Multiple preventative measures work better than picking a single one, for example, when evaluating school safety HEPA filters and indoor mask wearing in combination remove more aerosol particles (90%), compared to HEPA filters alone (65%).
Unfortunately, the market for air purifiers is rife with false promises, and expert input is critical to navigate this. South Africa has the expertise; we need to recognise the importance of getting people with the know-how involved to improve ventilation.
Looking at safe air inside health facilities
Health facilities are playing an important part in the roll-out of COVID-19 vaccinations, so we need to make sure they do not inadvertently spread infection.
Most countries have had hospital outbreaks, including South Africa. For instance, in March last year, one patient admitted to the Netcare St Augustine’s Hospital in Durban, led to the infection of at least 135 patients and staff at the hospital complex and people in a nursing home.
And improving ventilation in health facilities will not only be beneficial for COVID-19, but also to address the long ignored high rates of occupational tuberculosis in health workers, another airborne pandemic prevalent in South Africa. Recent evidence suggests that a greater proportion of respiratory illnesses, that we formerly only used droplet precautions for, would benefit from improved airborne measures. This includes influenza and rhinovirus – both causes of the common flu.
But along with improved ventilation, we also need an upgrade in health worker personal protective equipment. Countries such as Australia have updated their infection control guidelines to recommend health workers use respirators when community transmission rates of COVID-19 are high. A respirator looks like a mask, but is made of a thicker material specially designed to protect the wearer from inhaling aerosols, because it filters incoming particles. They are often also called N95 respirators, which refers to their technical specifications.
Australia’s guidelines are supported by research that showed health workers with access to respirators had better protection against COVID-19 than those who have only had access to surgical masks. A similar shift to respirators for South African health workers has been proposed in a position statement led by South African health workers and professional societies.
Similarly, for the public, airborne transmission requires better masks. Although the initial focus on masks has been for source control (wearing your mask to prevent you from spreading infection from others) this means also looking at improving the protection it offers the wearer — so thinking about improving the fit of your masks (minimising gaps around the face) and improving the filtration. Read more here.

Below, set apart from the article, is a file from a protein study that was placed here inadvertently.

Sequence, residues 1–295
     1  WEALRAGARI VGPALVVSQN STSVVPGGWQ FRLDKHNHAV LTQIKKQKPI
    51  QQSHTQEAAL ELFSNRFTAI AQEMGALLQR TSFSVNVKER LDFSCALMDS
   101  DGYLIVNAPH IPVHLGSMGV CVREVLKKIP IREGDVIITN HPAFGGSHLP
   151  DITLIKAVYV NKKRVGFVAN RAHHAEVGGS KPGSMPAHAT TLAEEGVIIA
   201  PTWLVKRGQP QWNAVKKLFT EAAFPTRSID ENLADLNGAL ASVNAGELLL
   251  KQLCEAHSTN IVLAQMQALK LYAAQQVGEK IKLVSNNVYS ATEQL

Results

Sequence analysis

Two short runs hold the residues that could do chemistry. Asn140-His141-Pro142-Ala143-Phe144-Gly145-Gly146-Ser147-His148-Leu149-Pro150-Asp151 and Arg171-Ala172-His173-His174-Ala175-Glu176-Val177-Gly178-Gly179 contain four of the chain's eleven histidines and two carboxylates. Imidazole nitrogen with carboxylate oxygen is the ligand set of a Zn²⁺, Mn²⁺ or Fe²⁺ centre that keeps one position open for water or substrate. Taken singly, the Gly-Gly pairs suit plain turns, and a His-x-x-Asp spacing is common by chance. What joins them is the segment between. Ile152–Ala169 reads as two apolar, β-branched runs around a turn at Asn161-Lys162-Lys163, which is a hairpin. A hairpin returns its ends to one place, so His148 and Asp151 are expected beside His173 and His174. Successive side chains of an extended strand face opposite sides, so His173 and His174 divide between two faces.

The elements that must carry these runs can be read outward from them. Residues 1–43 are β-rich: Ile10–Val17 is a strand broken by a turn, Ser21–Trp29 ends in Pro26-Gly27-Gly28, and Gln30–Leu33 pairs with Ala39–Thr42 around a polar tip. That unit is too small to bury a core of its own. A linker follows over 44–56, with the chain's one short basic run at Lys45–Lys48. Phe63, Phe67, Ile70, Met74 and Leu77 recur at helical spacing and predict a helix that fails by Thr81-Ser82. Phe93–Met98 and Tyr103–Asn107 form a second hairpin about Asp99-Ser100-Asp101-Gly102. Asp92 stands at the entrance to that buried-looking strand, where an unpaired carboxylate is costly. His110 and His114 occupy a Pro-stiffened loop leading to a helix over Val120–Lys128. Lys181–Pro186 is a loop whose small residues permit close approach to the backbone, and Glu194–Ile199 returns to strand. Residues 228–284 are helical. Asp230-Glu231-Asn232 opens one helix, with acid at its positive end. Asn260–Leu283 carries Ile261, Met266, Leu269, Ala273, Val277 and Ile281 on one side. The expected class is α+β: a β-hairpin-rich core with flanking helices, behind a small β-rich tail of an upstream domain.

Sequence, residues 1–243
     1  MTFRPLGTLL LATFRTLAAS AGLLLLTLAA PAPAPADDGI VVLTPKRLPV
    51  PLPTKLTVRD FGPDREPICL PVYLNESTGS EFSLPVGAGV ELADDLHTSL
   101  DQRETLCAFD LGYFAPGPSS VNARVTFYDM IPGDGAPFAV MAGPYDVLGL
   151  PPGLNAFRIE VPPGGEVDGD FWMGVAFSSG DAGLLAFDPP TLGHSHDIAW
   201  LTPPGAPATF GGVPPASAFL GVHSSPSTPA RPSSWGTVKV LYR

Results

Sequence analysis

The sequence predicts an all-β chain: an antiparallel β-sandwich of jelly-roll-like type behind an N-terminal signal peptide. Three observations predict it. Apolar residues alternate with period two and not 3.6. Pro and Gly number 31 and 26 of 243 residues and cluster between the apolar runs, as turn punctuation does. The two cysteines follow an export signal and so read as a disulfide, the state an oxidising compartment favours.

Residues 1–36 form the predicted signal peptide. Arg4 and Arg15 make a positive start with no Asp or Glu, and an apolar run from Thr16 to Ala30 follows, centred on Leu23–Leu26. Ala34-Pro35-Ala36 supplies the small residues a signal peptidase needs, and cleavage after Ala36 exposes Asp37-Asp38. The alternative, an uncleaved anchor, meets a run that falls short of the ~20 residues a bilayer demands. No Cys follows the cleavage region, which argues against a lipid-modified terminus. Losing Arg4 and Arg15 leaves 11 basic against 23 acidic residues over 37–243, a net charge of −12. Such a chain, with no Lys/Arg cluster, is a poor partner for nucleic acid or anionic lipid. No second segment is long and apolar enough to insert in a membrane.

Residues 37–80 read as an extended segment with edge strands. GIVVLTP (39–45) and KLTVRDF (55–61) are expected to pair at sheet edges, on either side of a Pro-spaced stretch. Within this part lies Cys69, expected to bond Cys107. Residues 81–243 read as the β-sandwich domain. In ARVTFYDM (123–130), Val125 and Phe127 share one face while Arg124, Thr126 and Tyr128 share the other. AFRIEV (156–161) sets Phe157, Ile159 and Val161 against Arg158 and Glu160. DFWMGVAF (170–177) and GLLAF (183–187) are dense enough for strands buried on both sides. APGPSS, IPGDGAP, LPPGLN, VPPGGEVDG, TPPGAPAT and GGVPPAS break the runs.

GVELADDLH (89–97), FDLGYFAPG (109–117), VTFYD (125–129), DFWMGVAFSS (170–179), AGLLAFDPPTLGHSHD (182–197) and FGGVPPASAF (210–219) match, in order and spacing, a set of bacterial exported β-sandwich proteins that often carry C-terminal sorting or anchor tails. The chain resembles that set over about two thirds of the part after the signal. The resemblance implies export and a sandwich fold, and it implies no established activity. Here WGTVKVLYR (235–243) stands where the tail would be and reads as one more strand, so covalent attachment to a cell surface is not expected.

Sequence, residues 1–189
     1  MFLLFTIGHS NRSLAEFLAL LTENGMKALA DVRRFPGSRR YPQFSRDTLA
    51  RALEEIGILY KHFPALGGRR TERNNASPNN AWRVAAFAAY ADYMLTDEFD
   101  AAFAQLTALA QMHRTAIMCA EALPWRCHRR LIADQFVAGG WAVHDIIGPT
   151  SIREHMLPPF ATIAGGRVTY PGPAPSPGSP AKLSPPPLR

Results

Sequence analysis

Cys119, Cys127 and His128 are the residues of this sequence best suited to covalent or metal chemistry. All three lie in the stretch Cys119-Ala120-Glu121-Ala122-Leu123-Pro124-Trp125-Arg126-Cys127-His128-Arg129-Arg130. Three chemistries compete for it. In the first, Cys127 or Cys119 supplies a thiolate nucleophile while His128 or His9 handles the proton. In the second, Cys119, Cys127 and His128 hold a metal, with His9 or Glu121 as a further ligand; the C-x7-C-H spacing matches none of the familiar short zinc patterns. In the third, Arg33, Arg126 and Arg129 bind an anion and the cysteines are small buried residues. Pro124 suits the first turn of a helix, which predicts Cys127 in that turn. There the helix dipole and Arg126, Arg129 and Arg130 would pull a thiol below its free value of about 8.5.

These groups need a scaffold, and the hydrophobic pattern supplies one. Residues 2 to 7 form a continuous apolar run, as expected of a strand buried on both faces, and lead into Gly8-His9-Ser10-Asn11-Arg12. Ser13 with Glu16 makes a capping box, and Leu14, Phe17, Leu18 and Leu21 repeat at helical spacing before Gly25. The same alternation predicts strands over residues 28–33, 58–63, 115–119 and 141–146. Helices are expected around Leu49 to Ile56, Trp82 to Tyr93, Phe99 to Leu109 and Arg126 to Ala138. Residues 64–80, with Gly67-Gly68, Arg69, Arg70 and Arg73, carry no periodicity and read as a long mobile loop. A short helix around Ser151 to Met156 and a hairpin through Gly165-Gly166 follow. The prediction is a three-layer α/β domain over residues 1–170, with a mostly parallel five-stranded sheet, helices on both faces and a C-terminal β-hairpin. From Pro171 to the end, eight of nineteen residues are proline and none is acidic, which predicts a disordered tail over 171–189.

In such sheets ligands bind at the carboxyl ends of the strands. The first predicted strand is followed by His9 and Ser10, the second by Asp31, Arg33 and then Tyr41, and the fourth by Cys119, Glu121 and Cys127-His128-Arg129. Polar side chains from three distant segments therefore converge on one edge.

Not everyone in the infection control community is on board with calling COVID-19 airborne. Some of this relates to the boundary historically considered to separate a droplet and aerosol (whether it is 5 or 100 micrometers) and different terms used by clinicians and aerosol physicists. Another common argument is – if COVID-19 is airborne, why are we not all infected?
Yet, we know it is more complicated than that.
South Africa’s TB pandemic is also airborne, but your risk of becoming ill depends on several factors, including the duration of exposure, how infectious the ill person is at the time, your health status and the ventilation of the space.
In fact, South Africa has little to lose by embracing airborne prevention measures, and a lot to gain through dual benefit to TB. Improving the safety of air inside buildings is as important as making sure that tap water is not contaminated by infectious diseases.
Open it up
The message that COVID-19 is airborne has spread slowly, prompting little effort to improve ventilation. Learning from super spreader events and hotel quarantine outbreaks, the evidence is pointing away from disinfecting groceries, using Perspex barrier screens, and having elaborate processes for cleaning laundry. We should instead invest in improving ventilation, both through simple-to-use measures, but also by improving building infrastructure.
But infection control is seldomly about a single preventative tool – we need to combine what we know works: keep wearing masks, washing hands, social distancing, focus on accelerating the vaccination roll-out and add in fresh air.
We know that using several tools together is better than focussing on just one measure. Improving indoor ventilation will have knock-on beneficial effects on preventing current and future respiratory pandemics, common respiratory illnesses such as flu, as well as productivity in workplace and school settings.
There is an opportunity knocking on the window — we should open it.
Helene-Mari van der Westhuizen is a South African medical doctor and doctoral researcher in the Nuffield department of primary care health sciences at Oxford University, studying TB infection control in rural settings in South Africa.